More Lawsuits Coming to Biden Administration Over Border Crisis

MISSION, Texas—Texas Attorney General Ken Paxton said he is teeing up more lawsuits against the Biden administration for not enforcing immigration law.

With five lawsuits already filed, Paxton said he hopes to force the administration to follow the laws Congress has in place.

“There’s a reason that we’ve sued the Biden administration five times over immigration—tremendous harm is being done to this state, tremendous harm is being done to this nation,” Paxton said during a press conference at the U.S.–Mexico border on April 28. “We’re going to do our best to force the federal government to follow the very laws that they passed.”

Paxton criticized President Joe Biden and Vice President Kamala Harris for not traveling to the border to see first-hand the effects of their policies.

“It seems like they’re trying to hide a lot of what’s going on. They’re very, very secretive. They’re not letting us know who’s coming in, who’s leaving,” Paxton said.

“If they’re going to have this open border policy, we’re going to be affected by it every day.”

Harris, who has been charged with solving the border crisis, has said she’s focusing on the “root causes” of migration from Central American countries, rather than the immediate issues.

On April 25, when a reporter asked Harris why she hasn’t visited the southern border, she replied, “I’m not going to play political games.”

The administration has been under fire for its rapid dismantling of many of former President Donald Trump’s border security measures.

Epoch Times Photo
A group of illegal immigrants wait for Border Patrol after crossing the U.S.-Mexico border in La Joya, Texas, on April 10, 2021. (Charlotte Cuthbertson/The Epoch Times)

The number of unaccompanied alien children illegally crossing the border reached a record high in March, with 18,663 children apprehended by Border Patrol—more than double that of February.

A total of more than 168,000 illegal aliens were apprehended by Border Patrol in March, overwhelming facilities and pulling Border Patrol off the border to deal with humanitarian issues.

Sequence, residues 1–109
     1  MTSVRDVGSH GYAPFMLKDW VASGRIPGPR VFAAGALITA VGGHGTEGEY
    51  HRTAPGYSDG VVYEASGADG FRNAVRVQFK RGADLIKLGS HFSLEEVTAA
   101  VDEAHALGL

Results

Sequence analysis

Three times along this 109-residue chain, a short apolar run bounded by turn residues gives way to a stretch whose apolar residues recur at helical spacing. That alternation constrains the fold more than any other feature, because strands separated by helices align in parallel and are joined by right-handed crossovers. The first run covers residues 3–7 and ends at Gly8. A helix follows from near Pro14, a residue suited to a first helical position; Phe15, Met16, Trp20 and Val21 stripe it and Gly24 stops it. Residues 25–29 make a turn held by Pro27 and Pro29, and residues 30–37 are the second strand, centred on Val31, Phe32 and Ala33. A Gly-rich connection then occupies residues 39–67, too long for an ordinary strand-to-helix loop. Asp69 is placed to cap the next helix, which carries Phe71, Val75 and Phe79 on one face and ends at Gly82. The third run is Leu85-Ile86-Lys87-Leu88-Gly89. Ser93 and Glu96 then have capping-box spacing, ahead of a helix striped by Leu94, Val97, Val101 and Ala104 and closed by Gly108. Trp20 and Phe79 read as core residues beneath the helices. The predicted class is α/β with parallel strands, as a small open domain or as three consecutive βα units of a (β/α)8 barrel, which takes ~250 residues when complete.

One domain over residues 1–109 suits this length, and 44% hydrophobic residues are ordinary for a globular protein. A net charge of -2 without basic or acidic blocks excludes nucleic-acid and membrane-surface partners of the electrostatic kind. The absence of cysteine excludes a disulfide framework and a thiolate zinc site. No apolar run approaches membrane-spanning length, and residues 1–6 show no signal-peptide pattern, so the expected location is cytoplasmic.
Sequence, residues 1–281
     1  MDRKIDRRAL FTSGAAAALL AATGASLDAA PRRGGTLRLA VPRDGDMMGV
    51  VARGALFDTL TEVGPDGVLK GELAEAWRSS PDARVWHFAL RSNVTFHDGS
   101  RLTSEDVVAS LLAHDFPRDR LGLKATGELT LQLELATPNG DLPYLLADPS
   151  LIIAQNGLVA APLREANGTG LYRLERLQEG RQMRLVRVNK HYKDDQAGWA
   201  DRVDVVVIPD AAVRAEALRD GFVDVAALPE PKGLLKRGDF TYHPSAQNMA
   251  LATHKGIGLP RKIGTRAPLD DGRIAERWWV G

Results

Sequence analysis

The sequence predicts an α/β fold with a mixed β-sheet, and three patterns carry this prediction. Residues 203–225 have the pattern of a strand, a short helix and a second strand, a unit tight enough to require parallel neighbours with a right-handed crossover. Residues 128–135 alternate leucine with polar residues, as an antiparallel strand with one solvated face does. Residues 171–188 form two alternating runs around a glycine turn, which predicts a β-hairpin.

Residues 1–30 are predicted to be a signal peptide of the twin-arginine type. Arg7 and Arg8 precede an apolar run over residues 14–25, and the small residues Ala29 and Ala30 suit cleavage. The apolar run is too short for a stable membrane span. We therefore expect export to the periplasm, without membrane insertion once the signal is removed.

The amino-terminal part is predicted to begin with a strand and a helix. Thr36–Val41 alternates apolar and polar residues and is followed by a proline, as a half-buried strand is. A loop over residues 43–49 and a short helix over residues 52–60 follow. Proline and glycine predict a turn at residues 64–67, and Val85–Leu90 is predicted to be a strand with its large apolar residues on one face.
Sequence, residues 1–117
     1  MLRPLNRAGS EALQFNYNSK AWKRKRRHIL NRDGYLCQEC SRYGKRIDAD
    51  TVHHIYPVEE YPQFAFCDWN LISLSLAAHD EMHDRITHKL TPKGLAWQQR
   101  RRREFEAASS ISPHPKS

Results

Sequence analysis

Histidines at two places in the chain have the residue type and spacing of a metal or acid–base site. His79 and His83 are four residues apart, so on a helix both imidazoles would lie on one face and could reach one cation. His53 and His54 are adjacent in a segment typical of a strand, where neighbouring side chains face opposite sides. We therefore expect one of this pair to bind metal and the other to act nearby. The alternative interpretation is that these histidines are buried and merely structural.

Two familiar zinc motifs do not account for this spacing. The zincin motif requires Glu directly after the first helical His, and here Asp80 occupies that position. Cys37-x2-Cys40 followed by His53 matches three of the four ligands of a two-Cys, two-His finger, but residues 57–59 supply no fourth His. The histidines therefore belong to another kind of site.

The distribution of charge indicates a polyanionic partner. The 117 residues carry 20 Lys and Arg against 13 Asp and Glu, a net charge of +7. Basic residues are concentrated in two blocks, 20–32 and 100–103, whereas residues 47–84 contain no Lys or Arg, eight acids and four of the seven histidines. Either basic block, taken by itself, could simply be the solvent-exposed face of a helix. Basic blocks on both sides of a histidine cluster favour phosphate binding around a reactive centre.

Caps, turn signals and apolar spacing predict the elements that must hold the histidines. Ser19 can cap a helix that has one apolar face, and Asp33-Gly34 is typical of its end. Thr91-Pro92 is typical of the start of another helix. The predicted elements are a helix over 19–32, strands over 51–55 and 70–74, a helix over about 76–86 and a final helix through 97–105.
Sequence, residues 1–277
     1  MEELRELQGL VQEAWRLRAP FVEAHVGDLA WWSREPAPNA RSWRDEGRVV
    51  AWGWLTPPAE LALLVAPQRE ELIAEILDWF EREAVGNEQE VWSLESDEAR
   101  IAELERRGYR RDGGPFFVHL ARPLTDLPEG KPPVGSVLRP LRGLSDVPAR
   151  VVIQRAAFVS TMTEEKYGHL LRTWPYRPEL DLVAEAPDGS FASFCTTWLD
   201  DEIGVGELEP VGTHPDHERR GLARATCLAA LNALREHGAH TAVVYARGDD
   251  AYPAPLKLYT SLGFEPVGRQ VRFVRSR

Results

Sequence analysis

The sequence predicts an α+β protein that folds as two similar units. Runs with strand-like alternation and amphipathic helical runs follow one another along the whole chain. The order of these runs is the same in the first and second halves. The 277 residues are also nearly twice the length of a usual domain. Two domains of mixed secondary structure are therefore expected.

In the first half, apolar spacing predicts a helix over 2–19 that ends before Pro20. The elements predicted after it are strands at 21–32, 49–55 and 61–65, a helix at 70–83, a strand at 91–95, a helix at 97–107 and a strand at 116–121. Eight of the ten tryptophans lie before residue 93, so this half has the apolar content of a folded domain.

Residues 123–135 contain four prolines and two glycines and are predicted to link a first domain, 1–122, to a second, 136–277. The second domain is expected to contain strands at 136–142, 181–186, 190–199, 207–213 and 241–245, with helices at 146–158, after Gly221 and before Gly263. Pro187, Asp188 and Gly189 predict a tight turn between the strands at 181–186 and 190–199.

“This is just a launching point” for the cartels, Paxton said. “They get across the river with their drugs or … whatever they’re smuggling, and it’s going around the country.

“So Americans may think this is a border problem—and certainly it is most intense here, and it affects us maybe more—but it ultimately does affect the entire country.”

Previous Lawsuits Filed

Paxton was quick to sue the Biden administration on Jan. 22 over its day one memorandum suspending the deportation of most illegal aliens. A federal court ruled in favor of Paxton and blocked the suspension, saying the Lone Star state would be harmed by the moratorium.

On April 6, Texas and Louisiana sued the Biden administration for its alleged refusal to take custody of illegal immigrants convicted of serious crimes after the administration set rules narrowing its immigration enforcement priorities.

The two attorneys general argue that the memoranda failed to prioritize detention of criminal aliens with final orders of removal, criminal aliens convicted of drug offenses, or criminal aliens convicted of crimes of moral turpitude.

A week later, the Texas attorney general was joined by Missouri in a lawsuit seeking to reinstate Trump’s Migrant Protection Protocol (MPP) program to curb the surge of illegal immigrants at the border. The Biden administration stopped adding individuals to MPP a day after Biden’s inauguration.

MPP, also known as Remain in Mexico, required illegal aliens to wait in Mexico for the duration of their immigration proceedings. Before MPP, thousands of illegal immigrants were released into the United States to await their cases, often disappearing into the country and not showing up to their court dates.

On April 22, Paxton sued the Biden administration for disregarding its own COVID-19 rules while handling the surge of illegal immigrants. He alleged that the U.S. government abandoned its own rules “without any meaningful justification or explanation,” resulting in the release of tens of thousands of illegal immigrants into the United States without testing them for coronavirus.

Thirteen states joined Texas to file an emergency application with the Supreme Court on March 30 asking to be allowed to defend the so-called public charge rule in court proceedings after the Biden administration decided not to defend it.

The public charge rule, which requires prospective immigrants to be able to support themselves financially, has been heavily litigated in federal courts. The Supreme Court stayed a lower court’s injunction against the rule in January 2020, allowing it to be enforced, pending disposition of the government’s appeal in the U.S. Court of Appeals for the 2nd Circuit.

Paxton said taxpayers in his state are forking out more than $850 million each year to pay for various costs associated with the housing and care of immigrants who enter Texas illegally.

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